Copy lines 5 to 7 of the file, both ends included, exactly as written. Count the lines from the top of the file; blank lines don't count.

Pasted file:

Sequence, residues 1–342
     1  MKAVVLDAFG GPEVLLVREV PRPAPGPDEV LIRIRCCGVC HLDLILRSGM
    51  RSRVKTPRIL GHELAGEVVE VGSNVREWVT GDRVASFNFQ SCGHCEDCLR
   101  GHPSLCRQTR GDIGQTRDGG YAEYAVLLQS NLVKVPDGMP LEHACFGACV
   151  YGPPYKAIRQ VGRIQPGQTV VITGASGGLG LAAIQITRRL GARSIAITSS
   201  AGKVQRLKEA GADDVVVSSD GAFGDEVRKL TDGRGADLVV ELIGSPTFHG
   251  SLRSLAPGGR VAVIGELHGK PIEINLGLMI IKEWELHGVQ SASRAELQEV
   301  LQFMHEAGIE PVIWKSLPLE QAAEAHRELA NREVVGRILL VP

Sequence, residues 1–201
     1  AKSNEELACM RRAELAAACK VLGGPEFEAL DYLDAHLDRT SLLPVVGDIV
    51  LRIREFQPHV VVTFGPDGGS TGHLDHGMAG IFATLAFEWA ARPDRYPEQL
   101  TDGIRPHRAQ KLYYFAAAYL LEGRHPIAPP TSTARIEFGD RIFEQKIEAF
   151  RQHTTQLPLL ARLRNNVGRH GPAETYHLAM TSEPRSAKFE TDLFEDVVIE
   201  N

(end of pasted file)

   151  YGPPYKAIRQ VGRIQPGQTV VITGASGGLG LAAIQITRRL GARSIAITSS
   201  AGKVQRLKEA GADDVVVSSD GAFGDEVRKL TDGRGADLVV ELIGSPTFHG
   251  SLRSLAPGGR VAVIGELHGK PIEINLGLMI IKEWELHGVQ SASRAELQEV